You might wonder why there’s such a fuss about proving who you are when getting something notarized. Well, think about how easy it could be for someone to pretend they’re you and make decisions affecting your life without proper checks in place—it would be chaos. That’s where notaries public step in with their verification superpowers.

A notary will ask for photo identification—something official like a driver’s license or passport—to match faces with names. And if we’re talking high stakes (like preventing fraud), an identity protection pin (IP PIN) may also come into play as another layer of security armor.

This process isn’t just some red tape hoop-jumping exercise; it’s vital record keeping that adds credibility to public records—and ultimately protects you from any shady business carried out under your name.

The Nitty-Gritty of Copy Certification

Moving beyond ID checking, let’s talk copy certification—a fancy term that means making sure copies are true reflections of original documents. So if Joe Schmoe needs his federal tax return certified because he wants to sponsor his cousin from abroad or convince colleges he can pay tuition bills—they’ll need a pro: enter the trusty notary again.

Your friendly neighborhood bank teller-turned-notary has got this covered too but remember: while they certify copies all day long with their eyes closed (metaphorically speaking), what happens after—the filing or accuracy—isn’t part of their gig.

Key Takeaway: 

Notaries are like your document’s bodyguards, confirming it’s really you signing off without backing what the papers say. They check IDs to keep imposters at bay and certify copies, making sure they’re the real deal—keeping things legit and protecting your name.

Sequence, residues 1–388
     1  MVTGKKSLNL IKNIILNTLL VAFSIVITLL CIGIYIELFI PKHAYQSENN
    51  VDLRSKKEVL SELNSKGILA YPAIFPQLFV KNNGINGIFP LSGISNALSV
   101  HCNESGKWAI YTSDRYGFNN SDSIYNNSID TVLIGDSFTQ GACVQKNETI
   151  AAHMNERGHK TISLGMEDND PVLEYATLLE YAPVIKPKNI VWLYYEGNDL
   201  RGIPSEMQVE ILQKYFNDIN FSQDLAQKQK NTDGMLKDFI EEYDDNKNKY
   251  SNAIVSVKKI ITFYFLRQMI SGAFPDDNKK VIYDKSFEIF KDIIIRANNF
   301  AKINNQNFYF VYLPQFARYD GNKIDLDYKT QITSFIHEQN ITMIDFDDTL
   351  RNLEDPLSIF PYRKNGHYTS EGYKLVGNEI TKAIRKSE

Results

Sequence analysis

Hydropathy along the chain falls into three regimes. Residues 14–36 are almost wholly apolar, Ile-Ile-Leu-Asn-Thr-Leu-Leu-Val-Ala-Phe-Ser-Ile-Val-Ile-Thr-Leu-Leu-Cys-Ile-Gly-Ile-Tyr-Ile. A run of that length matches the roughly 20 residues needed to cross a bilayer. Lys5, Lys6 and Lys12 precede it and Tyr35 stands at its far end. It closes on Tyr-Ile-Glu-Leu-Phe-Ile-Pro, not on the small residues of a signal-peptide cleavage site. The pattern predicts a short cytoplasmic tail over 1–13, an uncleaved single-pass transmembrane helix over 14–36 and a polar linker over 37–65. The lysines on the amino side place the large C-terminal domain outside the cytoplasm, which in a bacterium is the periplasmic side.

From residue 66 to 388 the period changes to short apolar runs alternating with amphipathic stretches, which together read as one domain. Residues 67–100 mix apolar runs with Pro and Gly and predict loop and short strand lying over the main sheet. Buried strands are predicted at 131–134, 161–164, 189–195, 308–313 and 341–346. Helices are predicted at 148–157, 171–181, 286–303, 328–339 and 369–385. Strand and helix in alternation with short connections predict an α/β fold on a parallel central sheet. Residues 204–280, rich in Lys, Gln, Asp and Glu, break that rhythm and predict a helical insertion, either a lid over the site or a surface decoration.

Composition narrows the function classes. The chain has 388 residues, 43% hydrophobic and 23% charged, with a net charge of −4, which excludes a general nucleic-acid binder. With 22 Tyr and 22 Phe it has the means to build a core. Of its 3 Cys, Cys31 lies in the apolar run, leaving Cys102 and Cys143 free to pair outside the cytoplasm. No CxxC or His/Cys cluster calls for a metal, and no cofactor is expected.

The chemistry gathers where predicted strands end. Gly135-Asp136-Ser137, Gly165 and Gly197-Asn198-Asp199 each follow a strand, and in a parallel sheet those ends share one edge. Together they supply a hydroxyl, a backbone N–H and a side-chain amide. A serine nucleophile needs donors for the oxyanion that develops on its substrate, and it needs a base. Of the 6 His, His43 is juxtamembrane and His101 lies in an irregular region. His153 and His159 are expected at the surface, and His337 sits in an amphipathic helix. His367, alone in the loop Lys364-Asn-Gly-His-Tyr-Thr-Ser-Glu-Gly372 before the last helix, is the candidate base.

Retrieving Past Tax Returns from IRS Records

Ever found yourself in a pickle, needing an old tax return for a loan application or to simply jog your memory of past finances? Fear not. The IRS keeps a lid on every federal tax return you’ve ever filed, ready to be pulled out when the need arises.

Tax Transcripts and Certified Copies: Your Financial Time Machine

If it’s just the nuts and bolts of your tax returns you’re after, like income figures or that elusive adjusted gross income number, then a simple tax transcript will do the trick. These are free snapshots of your financial yesteryears available directly from Uncle Sam’s archives. But let’s say you need something more official—perhaps for court proceedings or some complex dealings with international taxpayers—then it’s time to level up to certified copies.

A certified copy is basically the Cadillac of tax documentation; it’s got all the bells and whistles complete with an IRS stamp proving its legitimacy as if saying “This person really did tell us about their estimated taxes this way.” Getting these isn’t quite as easy as snagging transcripts since they come with a fee per return—and patience is key because processing takes around 75 days.

Finding what you need can feel like navigating through menu mobile options without any clear direction—but don’t fret. You’ll start by filling out Form 4506 which politely asks the IRS “May I have my returns back?” Just remember not to sign off until you’re staring into the eyes of that trusty notary public who’ll verify your identity faster than you can spell ‘notarized letter’.

Your Social Security Number—or Employer Identification Number if we’re talking business—is vital here because without them finding those records would be tougher than getting reduced refunds during audit season (and nobody wants that). Once everything checks out on paper and payment goes through via credit card or direct pay methods—you guessed it—the waiting game begins.